In their decision to uphold tax subsidies for policies sold on the federal health insurance exchange established by the Affordable Care Act (ACA), the Supreme Court Justices showed a keen understanding of the history of various state health reform measures and how insurance markets operate in general, invoking terms like community rating, adverse selection and death spiral.
The opinion, authored by Chief Justice John C. Roberts Jr., notes that several states tried laws in the 1990s that required guaranteed issue and community rating. Justices Anthony M. Kennedy, Ruth Bader Ginsburg, Stephen G. Breyer, Sonia Sotomayor and Elena Kagan joined in the majority opinion.
“Congress passed the Affordable Care Act to improve health insurance markets, not to destroy them,” the opinion reads. “If at all possible, we must interpret the Act in a way that is consistent with the former, and avoids the latter.”
Those state laws in the 1990s had unintended consequences. “They encouraged people to wait until they got sick to buy insurance,” the justices wrote—in other words, adverse selection. Insurance premiums rose. “As the cost of insurance rose, even more people waited until they became ill to buy it. This led to an economic ‘death spiral.’”
The justices held up Massachusetts as an example. While the state followed a similar script among states in the 1990s—guaranteed issue, community rating and, as a result, either death spiral or near death spiral—it shifted course in 2006 with an individual mandate, tax penalties for failure to purchase individual coverage, and tax credits. In the ACA, the justices acknowledged that the same three reforms are “closely intertwined.”
Then the opinion gets into the heart of the plaintiff’s case: The exchanges and whether the tax credits are applicable in states that did not set up their own exchanges. The plaintiffs, all residents of Virginia, which did not set up a state exchange, cited section 1401 of the ACA, which addresses tax credits: “… Exchange established by the State …” The plaintiffs don’t want to purchase health insurance, and, they argued, because Virginia does not have an exchange, they wouldn’t qualify for tax credits and, hence, would be exempted from the ACA’s coverage requirement.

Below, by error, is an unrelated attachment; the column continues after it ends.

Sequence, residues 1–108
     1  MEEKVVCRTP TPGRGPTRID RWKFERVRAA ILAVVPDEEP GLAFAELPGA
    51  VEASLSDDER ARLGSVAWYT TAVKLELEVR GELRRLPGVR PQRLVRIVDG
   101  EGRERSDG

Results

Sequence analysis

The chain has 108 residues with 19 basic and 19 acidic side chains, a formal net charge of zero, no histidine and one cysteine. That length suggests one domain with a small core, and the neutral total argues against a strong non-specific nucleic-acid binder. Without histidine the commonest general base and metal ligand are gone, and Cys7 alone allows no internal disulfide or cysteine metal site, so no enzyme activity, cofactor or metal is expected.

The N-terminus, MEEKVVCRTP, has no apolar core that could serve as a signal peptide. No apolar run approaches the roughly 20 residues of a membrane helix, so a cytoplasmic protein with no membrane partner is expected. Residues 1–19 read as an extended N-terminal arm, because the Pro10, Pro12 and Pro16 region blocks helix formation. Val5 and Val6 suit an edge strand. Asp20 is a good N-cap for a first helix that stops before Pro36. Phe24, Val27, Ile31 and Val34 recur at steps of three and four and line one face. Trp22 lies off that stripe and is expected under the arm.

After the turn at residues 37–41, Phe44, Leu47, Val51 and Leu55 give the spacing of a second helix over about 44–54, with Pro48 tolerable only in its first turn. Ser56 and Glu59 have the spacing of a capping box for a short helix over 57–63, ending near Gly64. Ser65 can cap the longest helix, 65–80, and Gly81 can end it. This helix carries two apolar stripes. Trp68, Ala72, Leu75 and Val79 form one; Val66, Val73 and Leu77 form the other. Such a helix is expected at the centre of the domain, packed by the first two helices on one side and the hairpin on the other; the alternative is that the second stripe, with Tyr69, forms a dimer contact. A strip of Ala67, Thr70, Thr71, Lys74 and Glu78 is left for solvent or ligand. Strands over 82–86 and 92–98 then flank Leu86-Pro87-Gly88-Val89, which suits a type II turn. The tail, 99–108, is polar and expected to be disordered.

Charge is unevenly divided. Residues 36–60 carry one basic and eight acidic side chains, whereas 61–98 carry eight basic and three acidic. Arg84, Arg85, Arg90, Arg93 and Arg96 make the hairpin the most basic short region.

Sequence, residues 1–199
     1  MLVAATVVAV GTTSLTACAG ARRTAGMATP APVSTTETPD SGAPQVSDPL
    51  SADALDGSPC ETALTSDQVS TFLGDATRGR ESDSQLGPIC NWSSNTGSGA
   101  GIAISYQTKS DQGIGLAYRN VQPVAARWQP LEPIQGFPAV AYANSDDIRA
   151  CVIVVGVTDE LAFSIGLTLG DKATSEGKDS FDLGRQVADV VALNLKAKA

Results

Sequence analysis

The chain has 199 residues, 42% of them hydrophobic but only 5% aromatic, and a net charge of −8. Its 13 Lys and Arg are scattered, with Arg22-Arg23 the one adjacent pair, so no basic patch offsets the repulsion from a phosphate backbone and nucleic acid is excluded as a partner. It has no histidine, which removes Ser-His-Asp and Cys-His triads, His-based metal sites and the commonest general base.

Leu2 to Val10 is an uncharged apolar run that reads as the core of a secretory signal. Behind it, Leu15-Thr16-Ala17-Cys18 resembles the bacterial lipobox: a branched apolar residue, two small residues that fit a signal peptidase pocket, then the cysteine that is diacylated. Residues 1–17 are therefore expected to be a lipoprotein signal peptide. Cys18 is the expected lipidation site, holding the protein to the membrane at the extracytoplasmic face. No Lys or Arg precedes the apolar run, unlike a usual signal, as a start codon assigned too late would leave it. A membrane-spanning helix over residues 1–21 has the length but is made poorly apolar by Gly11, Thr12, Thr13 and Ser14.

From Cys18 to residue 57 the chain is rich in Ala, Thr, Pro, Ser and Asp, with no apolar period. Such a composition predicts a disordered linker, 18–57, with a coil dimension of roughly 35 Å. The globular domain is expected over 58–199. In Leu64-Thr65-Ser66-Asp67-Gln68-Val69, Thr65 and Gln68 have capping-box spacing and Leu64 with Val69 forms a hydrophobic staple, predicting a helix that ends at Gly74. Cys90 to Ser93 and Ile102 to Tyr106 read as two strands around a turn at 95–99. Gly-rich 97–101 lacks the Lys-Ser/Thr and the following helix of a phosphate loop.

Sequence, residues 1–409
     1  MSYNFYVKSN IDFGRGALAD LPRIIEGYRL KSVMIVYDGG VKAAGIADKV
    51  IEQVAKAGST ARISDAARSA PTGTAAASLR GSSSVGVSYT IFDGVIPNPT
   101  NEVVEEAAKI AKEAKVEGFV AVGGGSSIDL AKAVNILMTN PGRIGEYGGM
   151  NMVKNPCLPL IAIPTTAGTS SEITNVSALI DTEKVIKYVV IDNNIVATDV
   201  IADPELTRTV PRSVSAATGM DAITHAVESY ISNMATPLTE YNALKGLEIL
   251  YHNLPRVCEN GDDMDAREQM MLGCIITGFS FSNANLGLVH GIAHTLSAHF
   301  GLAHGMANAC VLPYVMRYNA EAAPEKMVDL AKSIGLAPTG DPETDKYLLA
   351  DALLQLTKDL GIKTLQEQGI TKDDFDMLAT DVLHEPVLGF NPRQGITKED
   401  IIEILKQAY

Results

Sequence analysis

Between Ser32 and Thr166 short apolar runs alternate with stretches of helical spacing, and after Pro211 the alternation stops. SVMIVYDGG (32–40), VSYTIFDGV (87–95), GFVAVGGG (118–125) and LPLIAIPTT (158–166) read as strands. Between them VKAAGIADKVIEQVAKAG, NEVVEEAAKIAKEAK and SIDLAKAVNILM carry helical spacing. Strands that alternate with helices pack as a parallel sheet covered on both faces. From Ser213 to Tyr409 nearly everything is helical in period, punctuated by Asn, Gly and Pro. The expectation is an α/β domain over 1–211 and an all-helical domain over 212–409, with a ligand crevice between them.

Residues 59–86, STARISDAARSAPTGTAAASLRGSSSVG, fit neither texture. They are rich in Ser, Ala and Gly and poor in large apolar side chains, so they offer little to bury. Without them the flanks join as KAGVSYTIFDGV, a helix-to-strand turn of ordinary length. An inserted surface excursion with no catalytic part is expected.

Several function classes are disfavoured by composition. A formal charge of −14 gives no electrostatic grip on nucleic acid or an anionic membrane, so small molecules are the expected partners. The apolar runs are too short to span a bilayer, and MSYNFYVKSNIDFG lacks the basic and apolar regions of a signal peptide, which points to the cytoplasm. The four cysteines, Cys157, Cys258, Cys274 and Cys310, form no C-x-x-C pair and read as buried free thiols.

However, the opinion states, the ACA defines the term “Exchange” in as an “American Health Benefit Exchange” under section 18031. But section 18041 also authorizes the secretary of Health and Human Services to establish exchanges under the same definition—“American Health Benefit Exchange.” “Otherwise,” the justices wrote, “the Federal Exchange, by definition, would not be an ‘Exchange’ at all.”
“The upshot of all this is that the phrase ‘an Exchange established by the State’ is properly viewed as ambiguous,” the opinion states. “But it is also possible that the phrase refers to all Exchanges—both State and Federal—at least for the purposes of the tax credits.” Applying a principle from a 1988 case, that held an ambiguous term “is often clarified by the remainder of the statutory scheme,” the justices got to their opinion that the federal exchange is interchangeable with a state exchange.
Paul Lendner ist ein praktizierender Experte im Bereich Gesundheit, Medizin und Fitness. Er schreibt bereits seit über 5 Jahren für das Managed Care Mag. Mit seinen Artikeln, die einen einzigartigen Expertenstatus nachweisen, liefert er unseren Lesern nicht nur Mehrwert, sondern auch Hilfestellung bei ihren Problemen.